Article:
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The COVID-19 pandemic has caused a decline in the physical, social, emotional, and mental well-being for many adolescents and young adults (AYA) in the United States. Early research suggests that AYA with existing mental health conditions may be susceptible to adverse mental health effects from pandemic-related disruptions. However, the impact of COVID-19 risk mitigation interventions (e.g., school closures and social gathering restrictions) on mental health outcomes among AYA remains poorly understood. The purpose of this analysis was to qualitatively examine the perspectives of AYA on the impact of COVID-19 disruptions in order to develop strategies for promoting and improving mental health outcomes.
From April – August 2021, we enrolled 19 AYA who were engaged in care at the Johns Hopkins All Children’s Hospital Adolescent Health Specialty Clinic prior to COVID-19. Eligibility criteria included being between the ages of 12-21 and having documented worsening mental health based on medical chart review. In-depth phone interviews were conducted by clinical staff and interview transcripts were auto-generated by Microsoft Teams software. Three research team members listened to the recorded audio files and edited the transcripts for accuracy. An initial coding guide was developed by senior investigators which was piloted and refined. After finalizing the coding guide, research assistant double-coded each transcript using Atlas.ti software. Upon completing the coding, the transcripts were compared to ensure agreement. Discrepancies were resolved through discussion among all the coders until reaching consensus. We then linked and classified the codes across transcripts to identify emergent themes. All study procedures were approved by the Johns Hopkins School of Medicine Institutional Review Board.
The study sample was mostly non-Hispanic White (n=13, 68%), female (n=16, 84%), with a median age of 16 (interquartile range: 15-17). Five key themes were identified. AYA consistently described negative mental health changes during the pandemic, including declining or new onset of depression, anxiety, and eating disorders. Adverse mental health outcomes among AYA were provoked by experiences of loneliness and social isolation, especially due to school closures which disrupted routines, access to educational and social support, and key cultural milestones. AYA reported negative effects to their physical health (e.g., sleep, hygiene, physical activity, and diet) caused by a loss of motivation linked to mental health decline. The increased use of illicit substances was a notable strategy for coping with worsening mental health symptoms among AYA. Given the rapid changes in COVID-19 risk mitigation policy, AYA identified consistent support from parents, teachers, and clinicians as an approach to offset the potentially harmful mental consequences of the pandemic.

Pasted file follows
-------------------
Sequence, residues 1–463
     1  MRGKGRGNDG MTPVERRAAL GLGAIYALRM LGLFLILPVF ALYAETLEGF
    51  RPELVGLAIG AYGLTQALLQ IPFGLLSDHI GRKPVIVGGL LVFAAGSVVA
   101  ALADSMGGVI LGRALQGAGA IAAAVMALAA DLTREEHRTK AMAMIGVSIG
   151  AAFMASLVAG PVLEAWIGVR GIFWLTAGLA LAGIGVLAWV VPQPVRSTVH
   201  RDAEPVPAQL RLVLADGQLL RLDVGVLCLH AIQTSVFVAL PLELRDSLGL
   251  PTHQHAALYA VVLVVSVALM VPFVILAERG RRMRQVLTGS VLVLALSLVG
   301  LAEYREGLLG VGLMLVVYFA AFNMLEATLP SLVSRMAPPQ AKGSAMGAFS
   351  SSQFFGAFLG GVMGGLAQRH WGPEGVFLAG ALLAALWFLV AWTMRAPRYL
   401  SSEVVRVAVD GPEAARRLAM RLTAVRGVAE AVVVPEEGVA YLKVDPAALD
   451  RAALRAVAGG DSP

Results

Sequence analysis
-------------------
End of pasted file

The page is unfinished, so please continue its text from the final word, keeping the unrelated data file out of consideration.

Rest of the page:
COVID-19 risk mitigation interventions have precipitated adverse mental health outcomes among AYA. Findings from this study deepen our understanding of the key factors influencing the psychosocial well-being of AYA during the pandemic. Our results may help inform researchers, clinicians, and policymakers to develop guidelines and community-based strategies for mitigating the potentially negative effects of pandemic-related disruptions to mental health among AYA.
Sources of Support
Bloomberg American Health Initiative, National Institute on Drug Abuse.